Southward wader passage is already apparent at Mai Po and surrounding areas, with moderate numbers of Redshank, Greenshank and Wood Sandpipers already present. The birds ringed with engraved flags last year may start to move through at any time now. At Mai Po yesterday, I noted one Redshank and one Greater Sand Plover with plain HK flags, both presumably on southward migration. I would like to remind any visitors to Mai Po to keep a look out for the engraved leg flags and report their sightings, either by posting here or by reporting to me directly (by PM or by email to jallcock AT asiaecol.com.hk). Thank you.
Of interest, at least two leg-flagged birds have spent the summer at Mai Po: Grey Plover C1 (which has been reported and photographed here) and Whimbrel A2 (which seems to have avoided most photographers!). Both are in their first summer (i.e. hatched in 2010) and it is not unusual for birds at that age not to return to the breeding grounds. Interestingly, the Whimbrel was flagged in September and obviously spent last winter further south before returning as far as Mai Po to spend the summer. Author: sbena Time: 20/07/2011 13:11
20 July 2011, 13:00, Gei wai #16/17, Mai Po.
Common Greenshank A6
Also a Curlew Sandpiper with HK flags
[ Last edited by sbena at 20/07/2011 13:19 ] Author: ajohn Time: 20/07/2011 13:56
Thanks Bena. This is the first resighting of a bird with engraved flags which appears to be returning south.
A6 was flagged last September and resighted twice in April. It is a first-summer bird so perhaps didn't breed this year, which may explain the early return date.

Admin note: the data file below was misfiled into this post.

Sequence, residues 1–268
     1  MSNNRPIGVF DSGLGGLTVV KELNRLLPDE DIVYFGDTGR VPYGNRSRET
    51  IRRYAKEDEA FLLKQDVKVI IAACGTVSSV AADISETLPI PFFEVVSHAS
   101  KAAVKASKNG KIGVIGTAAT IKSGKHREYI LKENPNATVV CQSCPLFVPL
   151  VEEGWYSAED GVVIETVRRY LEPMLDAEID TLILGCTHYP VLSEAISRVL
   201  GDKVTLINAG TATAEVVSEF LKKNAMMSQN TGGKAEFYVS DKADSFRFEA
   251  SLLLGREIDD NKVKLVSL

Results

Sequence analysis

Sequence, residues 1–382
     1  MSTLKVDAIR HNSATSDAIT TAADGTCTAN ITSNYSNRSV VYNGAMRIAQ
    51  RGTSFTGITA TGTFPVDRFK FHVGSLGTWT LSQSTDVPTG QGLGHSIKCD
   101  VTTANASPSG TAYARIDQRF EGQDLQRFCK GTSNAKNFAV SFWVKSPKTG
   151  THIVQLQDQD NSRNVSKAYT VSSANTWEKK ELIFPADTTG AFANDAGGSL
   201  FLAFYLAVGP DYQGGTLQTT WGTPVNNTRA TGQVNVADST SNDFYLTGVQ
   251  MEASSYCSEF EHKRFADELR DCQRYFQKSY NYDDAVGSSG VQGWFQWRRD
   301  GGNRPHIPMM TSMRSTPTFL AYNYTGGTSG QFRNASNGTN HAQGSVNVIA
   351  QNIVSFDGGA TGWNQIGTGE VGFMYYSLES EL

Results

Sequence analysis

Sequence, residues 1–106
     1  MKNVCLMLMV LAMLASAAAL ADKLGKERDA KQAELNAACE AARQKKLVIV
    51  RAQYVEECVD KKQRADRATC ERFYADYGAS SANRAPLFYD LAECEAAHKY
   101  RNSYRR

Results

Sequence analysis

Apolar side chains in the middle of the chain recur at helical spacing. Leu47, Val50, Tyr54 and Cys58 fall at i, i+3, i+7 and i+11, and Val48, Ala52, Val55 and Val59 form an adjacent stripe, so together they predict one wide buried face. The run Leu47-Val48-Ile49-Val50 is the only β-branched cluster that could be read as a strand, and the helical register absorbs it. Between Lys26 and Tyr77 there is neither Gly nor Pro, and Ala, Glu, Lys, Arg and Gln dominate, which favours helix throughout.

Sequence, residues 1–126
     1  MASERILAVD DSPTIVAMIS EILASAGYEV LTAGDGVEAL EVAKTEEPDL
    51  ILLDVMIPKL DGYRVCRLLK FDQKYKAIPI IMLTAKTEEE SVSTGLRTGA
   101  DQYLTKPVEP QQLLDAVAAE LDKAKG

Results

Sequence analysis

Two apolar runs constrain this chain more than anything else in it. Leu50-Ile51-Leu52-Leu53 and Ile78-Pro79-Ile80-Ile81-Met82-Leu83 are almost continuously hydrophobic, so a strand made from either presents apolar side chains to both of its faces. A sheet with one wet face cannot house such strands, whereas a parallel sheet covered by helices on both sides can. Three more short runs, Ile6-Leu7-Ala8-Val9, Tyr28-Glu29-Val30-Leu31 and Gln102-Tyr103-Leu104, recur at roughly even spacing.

[ Last edited by ajohn at 20/07/2011 13:59 ] Author: lchunfai Time: 24/07/2011 19:09
Just a remarks: U6 is a Curlew Sandpiper! Author: ajohn Time: 25/07/2011 08:53
Thanks for posting this sighting - I would have missed this on the Chinese website. U6 was flagged at Mai Po in April and resighted at Mai Po in early May. The bird has presumably been to the breeding grounds and is now on southward migration.
This is now the greatest distance for one of the engraved leg flags (over 2000km).
If anyone is able to post to the website, I wonder if you could ask the photographer too submit the sighting to the Australian Wader Studies Group, who keep a list of leg flag reisghtings on the East Asia - Australia flyway. The contact e-mail is mintons @ ozemail.com.au Author: lkatherine Time: 28/07/2011 11:04
A1: Common Greenshank (ponds 16, 17)
B1: Common Redshank (ponds 16, 17)
A4, D3, D7: Common Redshank (forgot the number of that pond)
[ Last edited by hilldog at 17/08/2011 17:04 ] Author: ajohn Time: 18/08/2011 12:49
Thanks for posting the photos hilldog and kenneth. It is interesting to see all these birds now migrating southwards, and the observations will hopefully help us to biuld a picture of the movements of birds in Hong Kong and beyond.
So far I am aware of 15 birds which have been seen on southward migration (9 Common Redshank, 4 Common Greenshank and 2 Black-tailed Godwits). There are also two flagged birds which spent the summer in Hong Kong (1 Whimbrel and 1 Grey Plover) and, of course, the Black-winged Stilt chick which Katherine resighted which was hatched at Mai Po.
I hope to write a more comprehensive summary of the initial findings from the engraved leg flags soon, but in the meantime please keep reporting any sightings. Author: kennethchan Time: 18/08/2011 20:32
D7 Common Redshank 紅腳鷸
17-08-2011 morning at
newest floating hide 新觀鳥浮屋